- Patients may have had treatment (chemotherapy and/or radiotherapy) for any number of relapses prior to this recurrence.
- Patients must have received their last dose of myelosuppresive anticancer chemotherapy at least three (3) weeks prior to study registration or at least six (6) weeks of nitrosourea.
- Patients must have received their last dose of other investigational or biological agent >7 days prior to study entry.
- For agents that have known adverse events occurring beyond 7 days after administration, this period should be extended beyond the time during which adverse events are known to occur. This should be discussed with the study chair.
- If patients received prior monoclonal antibody treatment, at least three half-lives must be elapsed by the time of treatment initiation. These patients should also be discussed with the study chair.
- Patients must have received their last fraction of craniospinal or focal radiation to primary tumor or other sites >12 weeks (3 months) prior to registration
- Age ≥3 and ≤21 years. Because no dosing or adverse event data are currently available on the use of everolimus in patients <3 years of age, these young chilren are exlucded from this study.
- Patient must have a Karnofsky (if ≥ 16 years of age) or Lansky Performance score (if ≤ 16 years of age) of ≥50 by the time of registration. Patients who are unable to walk because of paralysis, but who are up in a wheelchair, will be considered ambulatory for the purpose of assessing the performance score.
- Patients must have adequate bone marrow function (ANC ≥ 1,000/mm3, platelet count of ≥ 100,000/mm3, and hemoglobin ≥ 9 gm/dL) before starting therapy. Eligibility level for hemoglobin may be reached by transfusion.
- Patients must have adequate liver function (SGPT/ALT ≤ 2.5 times ULN and bilirubin ≤ 1.5 times ULN) before starting therapy.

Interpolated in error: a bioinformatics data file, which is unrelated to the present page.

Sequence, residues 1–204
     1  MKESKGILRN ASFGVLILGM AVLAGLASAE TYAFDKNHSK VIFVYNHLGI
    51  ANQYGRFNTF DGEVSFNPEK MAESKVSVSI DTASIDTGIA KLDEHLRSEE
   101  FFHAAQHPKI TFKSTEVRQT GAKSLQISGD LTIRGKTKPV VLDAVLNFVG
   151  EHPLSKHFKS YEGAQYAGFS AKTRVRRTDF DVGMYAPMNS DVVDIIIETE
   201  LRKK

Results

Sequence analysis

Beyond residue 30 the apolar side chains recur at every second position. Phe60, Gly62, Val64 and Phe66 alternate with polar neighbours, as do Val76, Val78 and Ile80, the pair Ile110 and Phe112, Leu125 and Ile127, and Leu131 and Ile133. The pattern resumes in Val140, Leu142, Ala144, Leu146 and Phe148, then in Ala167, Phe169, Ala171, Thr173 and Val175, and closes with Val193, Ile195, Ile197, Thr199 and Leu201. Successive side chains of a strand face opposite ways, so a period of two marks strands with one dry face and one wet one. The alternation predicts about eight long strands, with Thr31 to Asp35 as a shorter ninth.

- Patients must have adequate renal function, defined as:
- Creatinine clearance or radioisotope GFR ≥ 70mL/min/1.73 m2 or
- A serum creatinine based on age/gender as follows:
Age Maximum Serum Creatinine (mg/dL) Male Female 3 to < 6 years 0.8 0.8 6 to < 10 years 1 1 10 to < 13 years 1.2 1.2 13 to < 16 years 1.5 1.4 ≥ 16 years 1.7 1.4
The threshold creatinine values in this table were derived from the Schwartz formula for estimating GFR utilizing child length and stature data published by the CDC.
- Patients must have cholesterol level 350 mg/dL and triglycerides <400 mg/dL before starting therapy. In case one or both of these are exceeded, the patient can only be included after initiation of appropriate lipid lowering medicatoin and documentation of cholesterol <350mg/dL and triglycerides <400mg/dl before start of therapy.
- Patients must have normal pulmonary function testing for age based on pulse oximetry.
- The effects of everolimus on the developing human fetus at the recommended therapeutic dose are unknown. For this reason and because everolimus are known to be teratogenic, women of child-bearing potential and men must agree to use adequate contraception (hormonal or barrier method of birth control; abstinence) prior to study entry and for the duration of study participation. Should a woman become pregnant or suspect she is pregnant while participating in this study, she should inform her treating physician immediately.